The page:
LONDON, July 21, 2010--
GSK Has Focused Its Business Around The Delivery Of Three Strategic Priorities, Which Aim To increase growth, reduce risk and improve GSK's long-term financial performance:
• Grow a diversified global business
• Deliver more products of value
• Simplify GSK's operating model
Chief Executive Officer's Review
Two years ago I set out GSK's strategic priorities designed to increase growth, reduce risk and improve long-term performance.
We are making good progress to build our group of healthcare businesses which offer sustainable growth and have complementary risk/value profiles. At the same time, we have also taken action to drive improved returns on invested capital in our core R&D operation.
This combination is creating a balanced business with a lower overall risk profile and the option for significant potential upside from the pharmaceutical pipeline.
This is our response to the pressures we identified in our sector; an unprecedented period of genericisation and increasing payer demand for cost-effective healthcare.
This quarter has seen further evidence of these pressures and, to my mind, has reinforced that we have taken the right strategic approach.
For the quarter, GSK sales were impacted by several individual factors and adverse prior year comparisons. For example, we saw an acceleration of generic competition to Valtrex in the USA and temporary suspension of Rotarix in the quarter.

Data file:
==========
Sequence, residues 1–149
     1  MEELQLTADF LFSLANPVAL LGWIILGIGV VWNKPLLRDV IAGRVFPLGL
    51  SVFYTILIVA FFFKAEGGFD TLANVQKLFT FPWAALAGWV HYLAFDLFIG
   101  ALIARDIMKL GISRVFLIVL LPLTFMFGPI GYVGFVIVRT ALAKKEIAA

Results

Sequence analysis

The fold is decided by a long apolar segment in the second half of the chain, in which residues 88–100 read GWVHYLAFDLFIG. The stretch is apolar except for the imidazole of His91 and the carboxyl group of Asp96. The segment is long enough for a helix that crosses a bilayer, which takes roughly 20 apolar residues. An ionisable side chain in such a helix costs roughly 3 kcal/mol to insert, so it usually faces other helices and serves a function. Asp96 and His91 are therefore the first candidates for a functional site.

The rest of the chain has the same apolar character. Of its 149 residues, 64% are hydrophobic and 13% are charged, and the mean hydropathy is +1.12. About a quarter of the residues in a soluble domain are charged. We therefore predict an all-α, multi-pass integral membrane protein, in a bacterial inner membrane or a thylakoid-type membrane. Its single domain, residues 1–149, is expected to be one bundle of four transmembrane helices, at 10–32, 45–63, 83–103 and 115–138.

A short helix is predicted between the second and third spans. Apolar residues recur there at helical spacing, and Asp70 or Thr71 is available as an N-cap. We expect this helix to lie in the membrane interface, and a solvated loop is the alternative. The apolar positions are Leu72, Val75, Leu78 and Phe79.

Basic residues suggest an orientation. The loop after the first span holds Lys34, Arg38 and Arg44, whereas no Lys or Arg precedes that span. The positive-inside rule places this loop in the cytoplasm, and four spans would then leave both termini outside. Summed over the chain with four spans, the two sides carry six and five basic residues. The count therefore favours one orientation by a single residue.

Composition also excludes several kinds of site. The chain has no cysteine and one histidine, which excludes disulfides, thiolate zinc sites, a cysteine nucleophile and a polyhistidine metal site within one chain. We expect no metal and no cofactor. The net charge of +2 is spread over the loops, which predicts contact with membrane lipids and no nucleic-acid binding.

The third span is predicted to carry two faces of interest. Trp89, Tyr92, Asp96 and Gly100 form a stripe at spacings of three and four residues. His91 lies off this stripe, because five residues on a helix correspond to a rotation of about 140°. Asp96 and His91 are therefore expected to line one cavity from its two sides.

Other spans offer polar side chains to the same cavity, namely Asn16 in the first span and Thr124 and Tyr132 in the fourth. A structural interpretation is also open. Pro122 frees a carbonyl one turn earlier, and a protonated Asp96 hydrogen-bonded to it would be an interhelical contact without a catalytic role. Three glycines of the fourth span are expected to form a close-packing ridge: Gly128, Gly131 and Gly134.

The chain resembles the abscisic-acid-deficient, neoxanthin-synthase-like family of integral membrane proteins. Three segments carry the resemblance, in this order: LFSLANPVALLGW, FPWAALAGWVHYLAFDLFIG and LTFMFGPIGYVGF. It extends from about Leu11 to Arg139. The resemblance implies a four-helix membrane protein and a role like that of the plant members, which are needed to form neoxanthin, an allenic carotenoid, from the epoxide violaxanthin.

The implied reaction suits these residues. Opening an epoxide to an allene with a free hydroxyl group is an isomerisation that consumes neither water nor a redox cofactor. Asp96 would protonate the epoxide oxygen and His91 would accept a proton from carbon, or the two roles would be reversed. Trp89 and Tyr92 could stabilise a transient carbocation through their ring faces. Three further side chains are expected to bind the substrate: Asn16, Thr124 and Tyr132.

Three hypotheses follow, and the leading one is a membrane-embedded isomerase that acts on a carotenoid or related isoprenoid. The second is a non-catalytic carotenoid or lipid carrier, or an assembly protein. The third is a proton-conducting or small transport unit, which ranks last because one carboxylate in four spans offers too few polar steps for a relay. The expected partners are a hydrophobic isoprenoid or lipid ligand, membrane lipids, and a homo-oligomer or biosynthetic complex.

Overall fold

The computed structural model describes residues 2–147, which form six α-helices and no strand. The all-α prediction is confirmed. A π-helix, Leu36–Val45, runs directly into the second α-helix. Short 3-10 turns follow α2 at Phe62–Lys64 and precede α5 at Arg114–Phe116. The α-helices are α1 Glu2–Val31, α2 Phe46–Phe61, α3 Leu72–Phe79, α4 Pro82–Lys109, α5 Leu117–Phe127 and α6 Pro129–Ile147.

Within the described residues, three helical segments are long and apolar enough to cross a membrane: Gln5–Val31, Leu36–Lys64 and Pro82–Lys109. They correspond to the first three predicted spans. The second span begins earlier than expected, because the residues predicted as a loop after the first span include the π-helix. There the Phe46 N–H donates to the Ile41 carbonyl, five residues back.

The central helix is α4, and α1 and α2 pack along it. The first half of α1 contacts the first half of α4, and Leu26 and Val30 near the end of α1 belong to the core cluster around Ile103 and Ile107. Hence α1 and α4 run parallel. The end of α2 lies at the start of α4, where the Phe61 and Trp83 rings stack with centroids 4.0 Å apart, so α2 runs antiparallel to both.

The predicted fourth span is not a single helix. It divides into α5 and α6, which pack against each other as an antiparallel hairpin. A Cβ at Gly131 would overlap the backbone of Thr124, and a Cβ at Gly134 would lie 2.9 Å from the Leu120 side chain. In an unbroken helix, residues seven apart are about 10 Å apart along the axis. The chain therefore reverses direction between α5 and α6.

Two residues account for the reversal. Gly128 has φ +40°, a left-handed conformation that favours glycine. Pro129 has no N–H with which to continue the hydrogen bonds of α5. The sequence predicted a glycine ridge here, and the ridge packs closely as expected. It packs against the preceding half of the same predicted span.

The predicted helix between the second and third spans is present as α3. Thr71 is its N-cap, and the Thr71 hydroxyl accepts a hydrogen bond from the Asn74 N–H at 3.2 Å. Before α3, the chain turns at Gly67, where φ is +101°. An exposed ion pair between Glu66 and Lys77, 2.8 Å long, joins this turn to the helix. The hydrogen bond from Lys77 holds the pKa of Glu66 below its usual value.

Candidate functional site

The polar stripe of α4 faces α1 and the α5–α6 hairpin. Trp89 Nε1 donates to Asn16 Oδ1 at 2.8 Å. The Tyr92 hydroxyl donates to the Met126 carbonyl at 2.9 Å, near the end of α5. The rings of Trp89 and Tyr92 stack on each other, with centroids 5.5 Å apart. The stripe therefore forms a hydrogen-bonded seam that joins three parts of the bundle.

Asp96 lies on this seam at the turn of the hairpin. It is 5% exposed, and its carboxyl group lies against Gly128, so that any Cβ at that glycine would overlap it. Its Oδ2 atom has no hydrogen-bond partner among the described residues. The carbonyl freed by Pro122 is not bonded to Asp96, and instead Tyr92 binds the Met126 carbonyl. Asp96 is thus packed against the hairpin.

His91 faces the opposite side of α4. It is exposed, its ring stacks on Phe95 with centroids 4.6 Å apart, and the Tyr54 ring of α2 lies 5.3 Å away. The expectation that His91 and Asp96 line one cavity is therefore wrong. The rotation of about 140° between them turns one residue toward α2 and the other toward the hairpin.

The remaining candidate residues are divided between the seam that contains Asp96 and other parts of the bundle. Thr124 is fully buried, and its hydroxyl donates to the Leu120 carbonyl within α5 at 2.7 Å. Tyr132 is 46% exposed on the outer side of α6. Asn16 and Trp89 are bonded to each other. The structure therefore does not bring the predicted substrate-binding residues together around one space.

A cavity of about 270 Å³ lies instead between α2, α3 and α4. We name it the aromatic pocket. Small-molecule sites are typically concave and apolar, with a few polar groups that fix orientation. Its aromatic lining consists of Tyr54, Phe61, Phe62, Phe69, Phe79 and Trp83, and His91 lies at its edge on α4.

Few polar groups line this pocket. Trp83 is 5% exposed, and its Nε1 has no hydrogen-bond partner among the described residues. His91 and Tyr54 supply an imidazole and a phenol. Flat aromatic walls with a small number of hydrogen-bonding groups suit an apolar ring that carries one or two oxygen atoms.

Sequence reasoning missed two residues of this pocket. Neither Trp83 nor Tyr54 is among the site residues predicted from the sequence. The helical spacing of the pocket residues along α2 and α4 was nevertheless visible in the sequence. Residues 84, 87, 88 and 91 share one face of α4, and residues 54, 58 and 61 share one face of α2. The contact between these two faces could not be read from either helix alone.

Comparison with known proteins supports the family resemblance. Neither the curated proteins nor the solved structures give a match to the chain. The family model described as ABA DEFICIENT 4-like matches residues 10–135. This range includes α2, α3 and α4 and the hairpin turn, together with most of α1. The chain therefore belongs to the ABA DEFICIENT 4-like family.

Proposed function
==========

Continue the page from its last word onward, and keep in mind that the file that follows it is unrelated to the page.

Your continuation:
In the first half total sales grew 7% and excluding pandemic products grew 1%. I believe this performance is encouraging and I remain confident in our prospects for the full year.
Our diversified sales base is helping to reduce reliance on sales generated in ‘white pills/western markets' and offset the decline in sales seen in our US pharmaceuticals business.
In Emerging Markets we have sought to build our current market shares and therapeutic breadth through organic means and targeted acquisitions. During the quarter, for example, we invested in new ‘bolt-on' business opportunities in Korea and Argentina.
In Consumer Healthcare, total sales were £1.25 billion and grew 3% in the quarter. This was ahead of estimated market growth of 2%. Excluding the impact of European alli launch stocking in the second quarter of last year, underlying sales growth was 6%.
An area particularly worth mentioning is our Oral care business. Sensodyne now accounts for 4 of the top 10 US toothpaste SKUs and grew 19%. This is a clear example of what sustained investment in brand innovation and A&P can achieve.
As I have said previously, reported sales for our Vaccines business are subject to fluctuation due to tender purchasing as well as variability of supply for both GSK and competitors. Both these factors impacted sales reported in the second quarter along with the temporary suspension of Rotarix in the USA. Over the course of the year, I fully expect this business to deliver continued strong growth.
For the last two years, one of our top priorities has been to improve the effectiveness of our US pharmaceutical operations. This is essential given the changing US environment, in which we are seeing fundamental adjustments in pricing, and to meet the needs of our new product portfolio.